Midterm+Exam+-+Review+Questions

Midterm+Exam+-+Review+Questions - Mid-term Exam Possible...

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Mid-term Exam Possible Questions Fall 2011 790:371 Bathory Plato: Cave = Book VII Book 4 = importance of women, equality of woen Book 5 – Only philosopher/king has knowledge Book 3 – education of kings Plato Politics Aristotle Republic Your midterm exam will be taken from the following seven questions and 1other question not provided 1. How would Plato defend himself against the charges, implicit and explicit, leveled at him by Aristotle in the Politics ? Your answer should take into account Aristotle’s understanding of the “household” as the foundation of education in the “polis” and Socrates’ discussion of the “cave” as indicative of the “education” or lack of education of Athenians. For example the “city in speech” might be defended with reference to the “Cave” and the deficiencies of Athenian education illustrated by the “cave.” Cite specific arguments in both the Politics and the Republic in your “defense.” 2. Aristotle and Plato both speak at length about the importance of women and the family. Compare their understandings of the place of women and the family and discuss the understanding of politics each develops as a result of these differences. Aristotle and Plato have developed two very distinct viewpoints on family and the household. In disapproval of many of Plato’s claims, Aritstotle believes that a hierarchy exists in the household which is categorized by three explicit relationships: the master-slave, the parent-child and the husband-wife relationships. These relationships are created in for the betterment of both parties. The slave does not have the intellect to be of proper authority which is why the master directs him of what to do. The children are too immature and undeveloped to rule, so their parents must take control. In Books I and II, Aristotle states that Women, have the necessary virtue and intelligence but simply do not possess the authority to rule and are therefore subject to their subordination. These are the basic interactions which transcend to the overarching association of the city, which is aimed at achieving the highest good for its citizens Plato, on the other hand, does not quite see the family as explicitly as Aristotle does. He proposes that his ideal city in speech would have women, children and property all part of communal pool. In fact in Book 5, he completely abolishes the idea of the family. He is concerned that private property and possessions would contribute to greed and wickedness and the further corruption of the soul.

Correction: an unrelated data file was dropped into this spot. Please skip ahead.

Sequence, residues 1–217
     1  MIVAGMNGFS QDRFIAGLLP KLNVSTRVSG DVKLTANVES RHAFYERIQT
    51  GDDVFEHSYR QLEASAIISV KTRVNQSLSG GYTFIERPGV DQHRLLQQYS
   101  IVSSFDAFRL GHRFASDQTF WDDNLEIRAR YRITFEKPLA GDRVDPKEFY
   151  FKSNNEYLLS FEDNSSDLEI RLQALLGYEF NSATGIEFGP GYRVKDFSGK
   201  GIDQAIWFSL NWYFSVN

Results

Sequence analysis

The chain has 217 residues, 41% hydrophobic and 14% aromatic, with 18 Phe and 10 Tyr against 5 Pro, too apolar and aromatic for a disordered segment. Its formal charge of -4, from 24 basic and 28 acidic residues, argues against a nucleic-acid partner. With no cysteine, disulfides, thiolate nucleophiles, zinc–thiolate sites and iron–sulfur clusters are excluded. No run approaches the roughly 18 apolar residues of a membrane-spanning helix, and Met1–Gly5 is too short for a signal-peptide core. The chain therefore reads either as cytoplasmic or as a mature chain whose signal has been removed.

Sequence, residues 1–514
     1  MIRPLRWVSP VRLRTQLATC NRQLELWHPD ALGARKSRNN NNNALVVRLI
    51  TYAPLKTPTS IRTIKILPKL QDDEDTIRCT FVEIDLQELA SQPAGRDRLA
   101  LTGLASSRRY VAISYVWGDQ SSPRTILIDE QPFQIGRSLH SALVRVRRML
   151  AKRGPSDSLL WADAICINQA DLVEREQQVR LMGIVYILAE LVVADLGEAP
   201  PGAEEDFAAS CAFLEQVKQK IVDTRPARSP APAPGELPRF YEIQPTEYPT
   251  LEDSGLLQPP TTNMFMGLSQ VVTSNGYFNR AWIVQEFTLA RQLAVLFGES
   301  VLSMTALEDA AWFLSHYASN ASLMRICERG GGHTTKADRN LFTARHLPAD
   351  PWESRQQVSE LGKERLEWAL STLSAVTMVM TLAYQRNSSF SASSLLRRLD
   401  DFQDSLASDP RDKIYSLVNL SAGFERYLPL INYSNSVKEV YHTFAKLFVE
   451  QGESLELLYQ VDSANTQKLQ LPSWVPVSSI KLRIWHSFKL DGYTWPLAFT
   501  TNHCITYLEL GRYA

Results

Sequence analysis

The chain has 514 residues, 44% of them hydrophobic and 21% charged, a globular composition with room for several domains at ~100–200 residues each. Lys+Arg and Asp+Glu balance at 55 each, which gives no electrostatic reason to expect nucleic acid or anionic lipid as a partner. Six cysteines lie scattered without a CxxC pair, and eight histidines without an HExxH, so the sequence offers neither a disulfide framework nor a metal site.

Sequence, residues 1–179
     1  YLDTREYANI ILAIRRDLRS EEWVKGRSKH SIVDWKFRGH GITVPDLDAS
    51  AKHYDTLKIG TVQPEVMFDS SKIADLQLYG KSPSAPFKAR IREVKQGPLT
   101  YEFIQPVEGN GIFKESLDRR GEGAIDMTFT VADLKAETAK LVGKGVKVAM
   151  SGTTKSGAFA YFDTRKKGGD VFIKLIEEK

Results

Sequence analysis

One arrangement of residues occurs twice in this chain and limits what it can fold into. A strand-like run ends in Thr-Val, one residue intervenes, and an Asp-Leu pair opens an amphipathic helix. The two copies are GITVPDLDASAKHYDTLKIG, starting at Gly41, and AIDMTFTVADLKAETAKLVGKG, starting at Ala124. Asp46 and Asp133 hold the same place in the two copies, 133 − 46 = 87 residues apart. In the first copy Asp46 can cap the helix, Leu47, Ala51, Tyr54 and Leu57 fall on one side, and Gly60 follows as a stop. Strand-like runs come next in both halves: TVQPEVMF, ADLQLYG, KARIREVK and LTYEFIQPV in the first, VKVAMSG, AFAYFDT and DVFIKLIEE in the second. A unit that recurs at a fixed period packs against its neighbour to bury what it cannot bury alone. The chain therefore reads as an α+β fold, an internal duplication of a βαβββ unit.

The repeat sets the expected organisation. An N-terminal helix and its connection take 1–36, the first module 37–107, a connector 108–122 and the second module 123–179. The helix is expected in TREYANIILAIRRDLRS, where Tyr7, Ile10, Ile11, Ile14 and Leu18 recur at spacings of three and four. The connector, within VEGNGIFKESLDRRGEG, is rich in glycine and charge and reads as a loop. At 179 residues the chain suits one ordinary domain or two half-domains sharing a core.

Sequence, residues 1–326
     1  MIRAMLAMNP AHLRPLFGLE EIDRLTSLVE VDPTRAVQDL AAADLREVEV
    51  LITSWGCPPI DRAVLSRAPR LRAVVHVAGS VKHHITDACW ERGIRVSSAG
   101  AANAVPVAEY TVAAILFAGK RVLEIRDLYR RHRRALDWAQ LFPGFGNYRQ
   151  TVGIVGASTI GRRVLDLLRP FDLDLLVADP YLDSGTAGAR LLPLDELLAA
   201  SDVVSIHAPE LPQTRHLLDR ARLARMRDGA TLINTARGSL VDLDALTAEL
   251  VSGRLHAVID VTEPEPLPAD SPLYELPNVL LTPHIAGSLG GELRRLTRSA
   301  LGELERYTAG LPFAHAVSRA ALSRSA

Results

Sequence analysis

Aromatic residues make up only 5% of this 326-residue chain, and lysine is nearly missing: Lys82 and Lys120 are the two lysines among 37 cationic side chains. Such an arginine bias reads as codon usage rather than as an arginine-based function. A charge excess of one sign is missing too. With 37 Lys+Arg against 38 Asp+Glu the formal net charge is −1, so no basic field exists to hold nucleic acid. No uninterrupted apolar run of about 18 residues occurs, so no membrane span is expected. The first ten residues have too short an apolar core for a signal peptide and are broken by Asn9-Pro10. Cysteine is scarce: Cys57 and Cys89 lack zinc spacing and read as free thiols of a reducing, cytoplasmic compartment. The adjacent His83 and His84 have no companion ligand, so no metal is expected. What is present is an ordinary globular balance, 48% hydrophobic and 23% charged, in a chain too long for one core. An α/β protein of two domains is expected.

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From these conflicting views develops two distinct understandings of politics. Aristotle asserts that like the household, where the father is the commander, a
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This note was uploaded on 01/31/2012 for the course POLISCI 345 taught by Professor Bathory during the Spring '11 term at Rutgers.

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Midterm+Exam+-+Review+Questions - Mid-term Exam Possible...

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